Monday, January 4, 2016

Bali Bliss

My second day in Bali was about as perfect as any day should be permitted to be, combining many of the things I love. Sleeping in late, check. A delicious vegetarian homemade breakfast waiting for me when I did wake up. Check. Right next to the fresh cut fruit, a binder listing all my tour options for that day. Are you kidding me?! If heaven existed, forget the fat floating babies and harp noise, this is what it would look like. And did I mention, monkeys? I probably shouldn't have to since I already stated a couple of posts ago that this Malaysia/ Bali series was going to be seriously monkey-fied but this day, this ideal day, was one of the most monkey of them all.

I signed up for an afternoon tour which visited a couple of temples, a monkey forest and culminated with sunset at Tanah Lot in the southwestern part of the island. The pickup time was 2pm so I had some free time and although I would be revisiting it during the tour, I decided to go the monkey forest.  The Ubud Sacred Monkey Forest was only a ten minute walk away and I figured this was a place best enjoyed leisurely.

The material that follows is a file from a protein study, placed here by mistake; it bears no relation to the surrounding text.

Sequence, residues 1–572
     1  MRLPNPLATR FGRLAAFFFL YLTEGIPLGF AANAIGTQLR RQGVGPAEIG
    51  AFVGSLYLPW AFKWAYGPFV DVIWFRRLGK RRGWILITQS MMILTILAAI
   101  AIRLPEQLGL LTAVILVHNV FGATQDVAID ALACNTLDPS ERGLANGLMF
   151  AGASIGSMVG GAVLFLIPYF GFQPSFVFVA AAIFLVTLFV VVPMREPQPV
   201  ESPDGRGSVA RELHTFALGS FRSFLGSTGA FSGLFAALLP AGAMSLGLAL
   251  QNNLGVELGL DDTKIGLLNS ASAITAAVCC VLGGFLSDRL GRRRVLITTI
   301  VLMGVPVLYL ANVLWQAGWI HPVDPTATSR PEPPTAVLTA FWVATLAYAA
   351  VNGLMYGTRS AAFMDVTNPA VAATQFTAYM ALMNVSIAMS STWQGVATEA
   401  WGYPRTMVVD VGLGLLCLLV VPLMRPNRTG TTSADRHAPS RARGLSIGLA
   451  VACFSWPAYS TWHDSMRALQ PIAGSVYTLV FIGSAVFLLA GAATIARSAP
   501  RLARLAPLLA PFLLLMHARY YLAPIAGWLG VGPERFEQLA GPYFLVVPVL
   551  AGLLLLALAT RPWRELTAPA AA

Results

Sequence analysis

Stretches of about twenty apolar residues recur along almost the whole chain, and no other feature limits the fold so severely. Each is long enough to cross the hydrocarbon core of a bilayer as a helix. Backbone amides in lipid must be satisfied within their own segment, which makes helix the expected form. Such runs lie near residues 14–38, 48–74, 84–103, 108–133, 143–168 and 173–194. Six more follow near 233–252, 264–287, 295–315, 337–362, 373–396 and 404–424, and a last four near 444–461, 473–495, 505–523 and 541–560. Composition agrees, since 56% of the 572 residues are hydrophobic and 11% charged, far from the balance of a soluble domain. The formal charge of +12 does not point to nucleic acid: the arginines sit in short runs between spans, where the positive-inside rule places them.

Breakfast, binder full of tours and knitting.  This is living.

This infamous Bill Cosby monkey
There are at least three entrances to the park and near each one, there are some brave souls manning banana carts. They are there to sell the bananas to tourists who want to get more up close and personal with the Balinese macaques that inhabit the park but there are also over 600 of these monkeys who are wanting to cut out the middleman. The saleswomen may be armed with sticks and slingshots meant to intimidate the monkeys but they are grossly outnumbered. While I did not personally witness a successful banana heist, I did see plenty of thwarted attempts.

Right by the entrance was the Papi Chulo monkey.  This dude was just kicking back while two others worked in tandem to groom him from head to toe. He too was having a wonderful day.

From the looks of the monkey on the right, it's looking like Papi Chulo opted for the happy ending package.